DirectX 10 requires a
pretty major system overhaul. From processor to memory, videocard and even
operating system, you'll need a new computer to run the next generation games
which are coming out soon.
nVIDIA has beaten ATi to the punch and has released its
long awaited G80 core in two variants, the high end mainstream GeForce 8800GTS
and bleeding edge GeForce 8800GTX. Both bring new technologies to the table and
promise a lot of performance and an equally hefty price tag.
The MSI NX8800GTX-T2D768E-HD is MSI's flagship
videocard, and with a price of $693 CDN ($613 US, £314 GBP), it's certainly hard
on the wallet.
The NX8800GTX-T2D768E-HD has 768MB of GDDR3 backing up
the GeForce 8800GTX core. The memory runs at 1.8GHz, and the GPU at 575MHz. The
videocard supports dual DVI outputs at up to 2048x1536 resolution, TV and High
Definition Component output, and HDMI through DVI-to-HDMI cables. With HDCP
compatibility, the NX8800GTX-T2D768E-HD can play those copyright protected
HD-DVD/Blu-Ray movies that are now starting to come out in WindowsXP and Windows
Despite the high price tag of the MSI
NX8800GTX-T2D768E-HD, the videocard doesn't come with many frills aside from the
necessary connectors (DVI to analog converters, molex to six pin power
converter, video output cable) and a copy of Serious Sam II. MSI usually
includes more goodies with its videocards, and to us it doesn't make much sense
to include a bunch of old titles.
At the time of this review Microsoft Windows Vista was
not available for testing, but it has become evident that nVidia is a little
behind on its Vista drivers now that the operating system is out. PCSTATS
advises you to check up on that situation before plunking your cash down on any
DX10 videocard for use with Vista.
The NX8800GTX-T2D768E-HD videocard itself is
based entirely on the reference design. Manufacturers have long stuck with
nVIDIA reference designs since it is the most reliable. The stock dual slot
cooler does a decent job at keeping the GeForce 8800GTX core and memory cool,
although that's a pretty difficult task. If you're considering running one, two
or four of these videocards, you'd better have very good
system airflow! Simply saying GeForce 8800GTX based videocards get hot is an
You'll be glad to know though that during testing the
MSI NX8800GTX-T2D768E-HD only generated a moderate amount of noise when gaming
even with AA/AF enabled. It's a good idea to clean the exhaust vent and
heatsinks on the videocard of dust on a regular basis. Dust will impact the
heatsink's cooling ability.
For those of you with a lot of money, the right
components, you can run four GeForce 8800GTS/GTX videocards together for Quad
SLI. Whether one needs that much rendering power is debatable however you'd
definitely make all the computer geeks you know jealous. ;-) If you're going to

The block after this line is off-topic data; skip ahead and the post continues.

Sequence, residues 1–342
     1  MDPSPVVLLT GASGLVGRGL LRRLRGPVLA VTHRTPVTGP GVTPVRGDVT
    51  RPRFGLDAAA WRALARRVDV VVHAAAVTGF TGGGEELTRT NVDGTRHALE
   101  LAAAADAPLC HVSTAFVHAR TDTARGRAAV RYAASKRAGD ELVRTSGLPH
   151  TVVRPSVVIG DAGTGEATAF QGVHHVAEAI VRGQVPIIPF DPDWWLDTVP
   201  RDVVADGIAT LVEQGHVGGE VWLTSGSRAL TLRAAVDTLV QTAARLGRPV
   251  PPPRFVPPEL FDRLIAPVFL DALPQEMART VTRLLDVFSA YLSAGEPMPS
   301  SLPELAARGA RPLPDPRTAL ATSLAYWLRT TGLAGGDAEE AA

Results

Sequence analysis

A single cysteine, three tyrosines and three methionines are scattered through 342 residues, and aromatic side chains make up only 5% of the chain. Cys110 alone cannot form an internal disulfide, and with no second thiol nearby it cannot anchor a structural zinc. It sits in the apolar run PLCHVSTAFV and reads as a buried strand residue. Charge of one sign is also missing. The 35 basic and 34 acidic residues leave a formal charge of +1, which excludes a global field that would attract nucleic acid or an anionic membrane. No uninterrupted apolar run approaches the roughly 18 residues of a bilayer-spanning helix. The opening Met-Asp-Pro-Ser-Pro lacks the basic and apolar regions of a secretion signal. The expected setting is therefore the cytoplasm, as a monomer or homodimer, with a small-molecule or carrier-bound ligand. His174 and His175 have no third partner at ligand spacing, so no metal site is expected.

be running SLI with only two videocards, you only have to connect one set of the
SLI bridge connectors on the videocard.
While the MSI NX8800GTX-T2D768E-HD is powerful 3D
rendering videocard, it also uses up a lot of energy. In fact of all videocards
tested at PCSTATS, the NX8800GTX-T2D768E-HD-based system consumed the most power
(345W - total system power draw), 12W more than ATi's Radeon X1900 XTX, and 30W
more than the dual GPU GeForce 7950GX2 when running at full load! At idle, a top
of the line computer system with the GeForce 8800GTX pushes almost 200W (total
system power draw).
It's pretty obvious
that these power consumption trends cannot continue unabated. Rumors have been
suggesting that the G80 will be the last of the power sucking GPUs, and that the
future is moving towards parallelism, like processors. With multi-videocard
rendering (SLI/CrossFire) gaining popularity and support, it wouldn't surprise
us if multi-core GPU platforms are the way of the future.
The MSI NX8800GTX-T2D768E-HD was an absolute monster when
it came to the benchmarks. It not only beats out the previous nVidia GPU
generation, it does so by a large margin. This baby can easily run full AF and AA
modes with plenty of power to spare.
In our overclocking tests the MSI NX8800GTX-T2D768E-HD
videocard reached a very respectable core frequency of 665 MHz, and memory
frequency of 2132MHz. That gave us a nice boost above stock speeds in most
benchmarks. Please keep in mind that overclocking did not affect overall
performance by significant degrees, as the MSI NX8800GTX-T2D768E-HD was pretty
much system limited. If you plan on overclocking a GeForce 8800GTX videocard,
you'll need to overclock the rest of your PC to see a real benefit.
That last bit pretty much sums up this videocard, the
MSI NX8800GTX-T2D768E-HD is fast but you absolutely need a strong supporting
cast of computer components to get the most out of the massive Geforce 8800GTX
768MB PCI Express x16 videocard. With Microsoft Windows Vista, perhaps it's time
for a total computer system overhaul anyway?! If you can afford it, and you have
an equally cutting edge system to match, the MSI NX8800GTX-T2D768E-HD will be
the foundation of one truly killer WindowsXP based gaming rig. And for Vista..?
Well, we'll just have to wait and see on that front.
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